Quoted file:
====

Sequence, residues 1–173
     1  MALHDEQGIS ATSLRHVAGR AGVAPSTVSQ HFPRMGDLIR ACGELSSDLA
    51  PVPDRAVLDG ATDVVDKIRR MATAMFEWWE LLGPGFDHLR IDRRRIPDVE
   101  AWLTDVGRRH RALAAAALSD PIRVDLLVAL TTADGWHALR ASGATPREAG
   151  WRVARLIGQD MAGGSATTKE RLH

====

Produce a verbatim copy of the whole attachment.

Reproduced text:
Sequence, residues 1–173
     1  MALHDEQGIS ATSLRHVAGR AGVAPSTVSQ HFPRMGDLIR ACGELSSDLA
    51  PVPDRAVLDG ATDVVDKIRR MATAMFEWWE LLGPGFDHLR IDRRRIPDVE
   101  AWLTDVGRRH RALAAAALSD PIRVDLLVAL TTADGWHALR ASGATPREAG
   151  WRVARLIGQD MAGGSATTKE RLH